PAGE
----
Integra DTR-9.1 A/V receiver Page 2
The soundtrack demo continued with the usual suspects—the movies I've referenced a thousand times over by now (hey, I stick with what works). The dynamic exchanges of Saving Private Ryan, Armageddon, and The World Is Not Enough displayed the same type of demeanor I'd experienced with the music tracks—efficient, accurate, engaging, and punchy. I reined in the powered subs of the Phase Tech front speakers and added a couple of independent powered units for additional acoustic fireworks, which the DTR-9.1 regulated quite nicely. The soundstage was again deep and well-layered, something I always like to see from a processor for both music and movies. Here, as with multichannel music, there was a consistently well-defined sense of space that I normally wouldn't expect from a receiver, no matter what it costs. As you hope for (but don't always get) with a more-advanced processor, there is also a good degree of control over various aspects of the soundtrack. You can adjust bass trims, delay times, additional surround and center levels, crossover frequencies, and any number of other tweaks via the intuitive onscreen menus, and you can save them with the memory features. I definitely like the fact that levels can be adjusted in half-decibel steps, an omission I have lamented on many a high-end pre/pro. The end result of all of this should be an output that is more tailored to your individual tastes, which is always a good thing. THX Ultra is, of course, on hand to make sure the soundtrack still sounds somewhat correct even after we've done our meddling.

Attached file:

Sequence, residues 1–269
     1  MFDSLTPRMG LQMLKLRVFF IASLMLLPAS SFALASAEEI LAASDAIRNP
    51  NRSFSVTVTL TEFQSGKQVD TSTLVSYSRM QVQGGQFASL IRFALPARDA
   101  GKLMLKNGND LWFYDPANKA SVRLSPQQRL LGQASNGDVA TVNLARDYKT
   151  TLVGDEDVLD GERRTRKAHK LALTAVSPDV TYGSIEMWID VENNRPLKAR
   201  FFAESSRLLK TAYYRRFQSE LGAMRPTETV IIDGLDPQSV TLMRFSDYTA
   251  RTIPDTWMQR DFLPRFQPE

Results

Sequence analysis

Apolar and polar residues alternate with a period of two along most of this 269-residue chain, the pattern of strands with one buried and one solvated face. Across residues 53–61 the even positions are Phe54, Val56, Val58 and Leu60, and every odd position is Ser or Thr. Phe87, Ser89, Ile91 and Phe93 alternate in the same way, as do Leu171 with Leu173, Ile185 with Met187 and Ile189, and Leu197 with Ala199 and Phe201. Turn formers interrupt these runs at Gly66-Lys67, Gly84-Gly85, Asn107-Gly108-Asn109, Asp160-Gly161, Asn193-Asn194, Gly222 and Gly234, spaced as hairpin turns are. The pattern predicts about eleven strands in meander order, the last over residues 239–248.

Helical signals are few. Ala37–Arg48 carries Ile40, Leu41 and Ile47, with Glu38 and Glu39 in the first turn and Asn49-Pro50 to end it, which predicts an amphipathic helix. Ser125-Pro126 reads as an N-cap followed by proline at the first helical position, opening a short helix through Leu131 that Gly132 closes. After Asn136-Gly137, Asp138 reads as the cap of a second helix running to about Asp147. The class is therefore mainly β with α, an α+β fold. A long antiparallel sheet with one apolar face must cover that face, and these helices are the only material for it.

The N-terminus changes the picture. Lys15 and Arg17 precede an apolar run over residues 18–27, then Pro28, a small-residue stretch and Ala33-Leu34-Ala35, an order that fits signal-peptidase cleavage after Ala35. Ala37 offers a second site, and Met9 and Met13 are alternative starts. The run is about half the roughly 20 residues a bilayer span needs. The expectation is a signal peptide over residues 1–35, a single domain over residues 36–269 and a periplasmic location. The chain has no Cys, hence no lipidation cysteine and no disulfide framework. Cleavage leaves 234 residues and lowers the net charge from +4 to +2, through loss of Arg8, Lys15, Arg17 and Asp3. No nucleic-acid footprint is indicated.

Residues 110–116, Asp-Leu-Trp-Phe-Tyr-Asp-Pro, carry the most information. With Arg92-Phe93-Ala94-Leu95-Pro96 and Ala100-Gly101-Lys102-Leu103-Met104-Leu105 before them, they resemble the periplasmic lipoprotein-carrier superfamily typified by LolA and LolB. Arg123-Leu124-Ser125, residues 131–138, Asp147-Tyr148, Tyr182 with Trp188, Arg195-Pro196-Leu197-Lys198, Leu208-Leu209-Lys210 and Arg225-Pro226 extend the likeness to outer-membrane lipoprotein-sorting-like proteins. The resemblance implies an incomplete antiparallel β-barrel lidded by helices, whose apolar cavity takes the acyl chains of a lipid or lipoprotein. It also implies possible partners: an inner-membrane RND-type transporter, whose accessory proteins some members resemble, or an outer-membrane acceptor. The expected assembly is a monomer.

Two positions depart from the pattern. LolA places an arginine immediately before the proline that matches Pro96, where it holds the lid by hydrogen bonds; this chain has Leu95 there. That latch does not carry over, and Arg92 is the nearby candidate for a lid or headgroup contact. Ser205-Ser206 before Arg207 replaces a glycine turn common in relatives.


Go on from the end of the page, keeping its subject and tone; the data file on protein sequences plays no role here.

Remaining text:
Naturally, peripherals are first-rate on the DTR-9.1. There's a lot going on with this remote—but hey, there's a lot going on with this receiver, and the controller reflects that quite competently. As always, you'll need to spend some time getting acquainted with the remote and everything it can do; but, after a while, you'll probably agree with me that it's one of the best receiver remotes there is. Thankfully, it's backlit, as well. Obviously, I've had to breeze over many of the secondary features of this unit for the sake of space, but you definitely won't be disappointed in this department—there are plenty of memory features, assignable options, presets, and other personal tweaks to keep you busy. The onscreen menus and owner's manual—both of which are well above par—should make discovering and implementing these features relatively simple. The front-panel readout is easy to make out and offers a significant amount of control features, some of which are hidden by a slick, motorized panel that drops down on command. Dimensions for the DTR-9.1 are 17.13 inches high by 7.69 wide by 17.75 deep, with a weight of 48.5 pounds.
All things considered, Integra's DTR-9.1 is easily one of the best receivers I've ever toyed with. It's rock-solid in every major category—performance, ergonomics, build quality, features, and upgradeability—and doesn't appear to have any major flaws. It's obvious that Integra is serious about developing a niche in the high-end realm, whether it be receivers, separates, or source components. Just about everything I've seen from them so far has lived up to advance billing. This high-end-receiver war is still a long way from over, and I'm not quite ready to back one pony just yet. Still, as a fellow who has spent far too much of his life at sports books, horse-racing tracks, and casino tables, I can tell you this: Don't bet against the DTR-9.1. It's definitely for real.
• Top-shelf performance with movies and music
• Stacked with features and considerably upgradeable
• High-end bonuses like high-bandwidth component video switching and 24/192 DACs